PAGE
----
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Environmental sciences fair project:
Using microorganisms (algae) to bioremediate a source of waste water

Science Fair Project Information
Title: Using microorganisms (algae) to bioremediate a source of waste water
Subject: Environmental sciences
Subcategory: Bioremediation
Grade level: Middle School - Grades 7-9
Academic Level: Ordinary
Project Type: Experimental
Cost: Medium
Awards: 1st place, Canada Wide Virtual Science Fair ($300)
Affiliation: Canada Wide Virtual Science Fair (VSF)
Year: 2014
Materials: Compound microscope, haemocytometer Neubauer, micropipette, green algae culture (Chlamydomonas reinhardtii), algae food concentrate, Regent set for phosphate low range tests, magnesium pro test kit, general lab equipment.
Concepts: Bioremediation, algal biomass, algae fuel
Description: This project tests the idea of the effectiveness of microalgae in remediating phosphate in wastewater, a damaging contaminate which downgrades ecosystem health. Microalgae can also be used later as an energy source, turned into biofuels/biodiesel, which is renewable and has a small carbon footprint. A higher concentration of algal cells will assure more consumption of phosphate excess in wastewater and good biomass production for energy production, which bring the question whether magnesium supplements can stimulate microalgae to reach maximum possible growth rate.
Link: http://www.virtualsciencefair.org/2014/beso14s
Short Background

Algae Bioremediation

Agricultural Research Service scientists found that 60–90% of nitrogen runoff and 70–100% of phosphorus runoff can be captured from manure effluents using a horizontal algae scrubber, also called an algal turf scrubber (ATS). Scientists developed the ATS, which are shallow, 100-foot raceways of nylon netting where algae colonies can form, and studied its efficacy for three years. They found that algae can readily be used to reduce the nutrient runoff from agricultural fields and increase the quality of water flowing into rivers, streams, and oceans. The enriched algae itself also can be used as a fertilizer. Researchers collected and dried the nutrient-rich algae from the ATS and studied its potential as an organic fertilizer. They found that cucumber and corn seedlings grew just as well using ATS organic fertilizer as they did with commercial fertilizers. Algae scrubbers, using bubbling upflow or vertical waterfall versions, are now also being used to filter aquariums and ponds.

Sewage can be treated with algae, reducing the usage of large amounts of toxic chemicals that would otherwise be needed. Algae can be used to capture fertilizers in runoff from farms. When subsequently harvested, the enriched algae itself can be used as fertilizer. Aquariums and ponds can be filtered using algae, which absorb nutrients from the water in a device called an algae scrubber, also known as an "ATS".

Algae Fuel

Algae fuel or algal biofuel is an alternative to fossil fuel that uses algae as its source of natural deposits. Several companies and government agencies are funding efforts to reduce capital and operating costs and make algae fuel production commercially viable. Like fossil fuel, algae fuel releases CO2 when burnt, but unlike fossil fuel, algae fuel and other biofuels only release CO2 recently removed from the atmosphere via photosynthesis as the algae or plant grew. The energy crisis and the world food crisis have ignited interest in algaculture (farming algae) for making biodiesel and other biofuels using land unsuitable for agriculture. Among algal fuels' attractive characteristics are that they can be grown with minimal impact on fresh water resources, can be produced using saline and wastewater, have a high flash point, and are biodegradable and relatively harmless to the environment if spilled. Algae cost more per unit mass than other second-generation biofuel crops due to high capital and operating costs, but are claimed to yield between 10 and 100 times more fuel per unit area. The United States Department of Energy estimates that if algae fuel replaced all the petroleum fuel in the United States, it would require 15,000 square miles (39,000 km2), which is only 0.42% of the U.S. map, or about half of the land area of Maine. This is less than 1⁄7 the area of corn harvested in the United States in 2000.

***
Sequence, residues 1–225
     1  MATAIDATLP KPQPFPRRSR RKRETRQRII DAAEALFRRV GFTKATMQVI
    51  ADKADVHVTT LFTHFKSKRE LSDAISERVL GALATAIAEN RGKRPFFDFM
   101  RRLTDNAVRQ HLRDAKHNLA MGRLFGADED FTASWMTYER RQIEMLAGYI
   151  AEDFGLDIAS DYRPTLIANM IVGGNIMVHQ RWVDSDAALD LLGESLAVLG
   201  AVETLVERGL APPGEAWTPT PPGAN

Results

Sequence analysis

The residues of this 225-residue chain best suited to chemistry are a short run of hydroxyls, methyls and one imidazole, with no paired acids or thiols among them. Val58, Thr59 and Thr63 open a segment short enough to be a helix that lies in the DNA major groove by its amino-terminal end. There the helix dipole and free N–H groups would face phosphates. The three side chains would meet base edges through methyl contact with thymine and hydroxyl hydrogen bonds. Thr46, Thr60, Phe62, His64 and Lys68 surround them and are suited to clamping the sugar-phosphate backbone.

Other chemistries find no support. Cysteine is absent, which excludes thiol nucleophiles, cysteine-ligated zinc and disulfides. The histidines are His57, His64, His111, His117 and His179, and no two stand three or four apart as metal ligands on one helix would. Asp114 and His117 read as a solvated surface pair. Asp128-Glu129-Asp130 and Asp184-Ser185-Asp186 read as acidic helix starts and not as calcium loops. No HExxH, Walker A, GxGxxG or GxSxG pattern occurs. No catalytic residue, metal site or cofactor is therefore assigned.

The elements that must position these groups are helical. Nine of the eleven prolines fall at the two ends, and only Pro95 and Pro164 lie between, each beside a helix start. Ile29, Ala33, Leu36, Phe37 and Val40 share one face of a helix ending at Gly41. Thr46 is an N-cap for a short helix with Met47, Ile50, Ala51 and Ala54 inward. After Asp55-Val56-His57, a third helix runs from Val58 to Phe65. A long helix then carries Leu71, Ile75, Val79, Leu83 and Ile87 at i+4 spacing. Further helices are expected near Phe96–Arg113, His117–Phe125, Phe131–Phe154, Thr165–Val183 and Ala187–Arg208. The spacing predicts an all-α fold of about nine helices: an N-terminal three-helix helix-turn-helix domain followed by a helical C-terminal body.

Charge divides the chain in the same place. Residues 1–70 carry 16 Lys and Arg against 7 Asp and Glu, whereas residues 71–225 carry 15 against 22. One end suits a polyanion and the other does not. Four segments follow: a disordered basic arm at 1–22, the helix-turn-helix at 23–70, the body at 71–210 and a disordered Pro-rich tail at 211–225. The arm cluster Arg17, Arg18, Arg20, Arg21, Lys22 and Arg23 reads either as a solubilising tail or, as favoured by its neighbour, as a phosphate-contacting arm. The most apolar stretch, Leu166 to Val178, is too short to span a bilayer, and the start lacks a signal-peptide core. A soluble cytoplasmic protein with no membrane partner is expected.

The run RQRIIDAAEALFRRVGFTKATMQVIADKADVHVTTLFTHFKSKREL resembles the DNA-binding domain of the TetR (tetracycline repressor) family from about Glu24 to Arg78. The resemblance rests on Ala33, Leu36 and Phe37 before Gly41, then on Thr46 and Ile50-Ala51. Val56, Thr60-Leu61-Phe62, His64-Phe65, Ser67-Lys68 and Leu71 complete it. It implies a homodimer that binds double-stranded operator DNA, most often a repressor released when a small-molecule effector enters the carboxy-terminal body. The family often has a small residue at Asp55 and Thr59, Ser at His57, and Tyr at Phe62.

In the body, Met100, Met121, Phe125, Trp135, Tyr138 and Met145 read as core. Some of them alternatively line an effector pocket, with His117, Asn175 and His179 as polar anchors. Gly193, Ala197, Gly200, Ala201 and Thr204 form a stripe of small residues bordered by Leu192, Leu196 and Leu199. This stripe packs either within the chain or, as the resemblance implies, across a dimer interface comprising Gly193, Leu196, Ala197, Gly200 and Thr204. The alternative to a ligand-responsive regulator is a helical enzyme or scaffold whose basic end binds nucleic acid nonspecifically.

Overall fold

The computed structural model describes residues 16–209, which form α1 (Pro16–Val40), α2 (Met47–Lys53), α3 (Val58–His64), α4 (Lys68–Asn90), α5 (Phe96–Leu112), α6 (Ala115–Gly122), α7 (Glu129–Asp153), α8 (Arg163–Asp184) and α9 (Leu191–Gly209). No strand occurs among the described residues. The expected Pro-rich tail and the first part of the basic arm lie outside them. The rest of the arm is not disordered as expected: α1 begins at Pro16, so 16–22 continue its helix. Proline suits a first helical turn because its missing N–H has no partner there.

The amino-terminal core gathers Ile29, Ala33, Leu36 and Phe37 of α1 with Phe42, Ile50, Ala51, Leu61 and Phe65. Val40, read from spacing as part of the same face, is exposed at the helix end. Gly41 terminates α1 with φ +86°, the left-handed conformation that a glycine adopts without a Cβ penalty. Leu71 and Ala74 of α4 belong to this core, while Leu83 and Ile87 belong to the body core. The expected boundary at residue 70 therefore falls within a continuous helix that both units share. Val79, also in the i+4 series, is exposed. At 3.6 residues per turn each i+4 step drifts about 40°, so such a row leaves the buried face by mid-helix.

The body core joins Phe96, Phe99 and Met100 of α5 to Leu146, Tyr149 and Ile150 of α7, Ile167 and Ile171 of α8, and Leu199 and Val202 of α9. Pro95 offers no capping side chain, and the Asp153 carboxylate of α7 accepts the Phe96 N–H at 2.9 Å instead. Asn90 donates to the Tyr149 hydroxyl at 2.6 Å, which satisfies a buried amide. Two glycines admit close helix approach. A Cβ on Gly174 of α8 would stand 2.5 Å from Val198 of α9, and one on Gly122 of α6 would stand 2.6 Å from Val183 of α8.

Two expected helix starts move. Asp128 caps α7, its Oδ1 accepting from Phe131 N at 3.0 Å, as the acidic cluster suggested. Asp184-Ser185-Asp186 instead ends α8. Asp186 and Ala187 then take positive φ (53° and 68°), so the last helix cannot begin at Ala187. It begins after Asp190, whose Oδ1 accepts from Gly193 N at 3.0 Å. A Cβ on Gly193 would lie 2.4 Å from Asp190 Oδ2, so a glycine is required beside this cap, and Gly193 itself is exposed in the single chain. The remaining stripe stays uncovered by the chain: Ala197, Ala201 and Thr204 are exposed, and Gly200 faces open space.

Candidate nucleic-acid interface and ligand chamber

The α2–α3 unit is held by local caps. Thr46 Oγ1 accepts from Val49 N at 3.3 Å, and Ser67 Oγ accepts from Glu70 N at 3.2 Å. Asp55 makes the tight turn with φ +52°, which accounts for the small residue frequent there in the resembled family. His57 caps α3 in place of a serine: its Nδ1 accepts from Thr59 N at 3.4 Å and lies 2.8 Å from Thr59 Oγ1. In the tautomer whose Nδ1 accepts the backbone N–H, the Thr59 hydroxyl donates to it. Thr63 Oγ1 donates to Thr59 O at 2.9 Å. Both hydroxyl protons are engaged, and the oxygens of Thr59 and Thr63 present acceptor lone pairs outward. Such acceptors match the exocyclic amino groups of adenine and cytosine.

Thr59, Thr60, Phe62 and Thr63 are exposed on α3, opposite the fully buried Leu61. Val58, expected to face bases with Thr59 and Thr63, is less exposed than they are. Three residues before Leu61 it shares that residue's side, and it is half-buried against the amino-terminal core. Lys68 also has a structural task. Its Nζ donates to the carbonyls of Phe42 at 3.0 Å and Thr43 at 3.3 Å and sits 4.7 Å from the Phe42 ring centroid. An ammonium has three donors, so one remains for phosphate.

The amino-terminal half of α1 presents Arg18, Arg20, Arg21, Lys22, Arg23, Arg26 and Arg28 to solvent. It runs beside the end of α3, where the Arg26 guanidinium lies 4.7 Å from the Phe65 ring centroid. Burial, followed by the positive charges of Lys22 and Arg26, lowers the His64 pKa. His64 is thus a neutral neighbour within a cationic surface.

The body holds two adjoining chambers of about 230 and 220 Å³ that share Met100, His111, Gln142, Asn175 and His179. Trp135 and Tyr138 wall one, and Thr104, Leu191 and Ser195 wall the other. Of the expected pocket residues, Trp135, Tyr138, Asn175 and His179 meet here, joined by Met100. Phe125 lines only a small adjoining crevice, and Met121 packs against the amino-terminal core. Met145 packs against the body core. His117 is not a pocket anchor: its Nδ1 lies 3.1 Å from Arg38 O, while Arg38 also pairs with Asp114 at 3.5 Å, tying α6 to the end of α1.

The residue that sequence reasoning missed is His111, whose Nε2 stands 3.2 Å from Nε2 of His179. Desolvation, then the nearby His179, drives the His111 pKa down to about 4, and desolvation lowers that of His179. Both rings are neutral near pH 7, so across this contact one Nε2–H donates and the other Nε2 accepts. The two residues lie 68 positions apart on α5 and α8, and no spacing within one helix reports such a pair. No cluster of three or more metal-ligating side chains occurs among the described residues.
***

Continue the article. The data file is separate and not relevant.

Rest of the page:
Research into algae for the mass-production of oil focuses mainly on microalgae (organisms capable of photosynthesis that are less than 0.4 mm in diameter, including the diatoms and cyanobacteria) as opposed to macroalgae, such as seaweed. The preference for microalgae has come about due largely to their less complex structure, fast growth rates, and high oil-content (for some species). However, some research is being done into using seaweeds for biofuels, probably due to the high availability of this resource.

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Source: Wikipedia (All text is available under the terms of the GNU Free Documentation License and Creative Commons Attribution-ShareAlike License.)

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Last updated: August 2014
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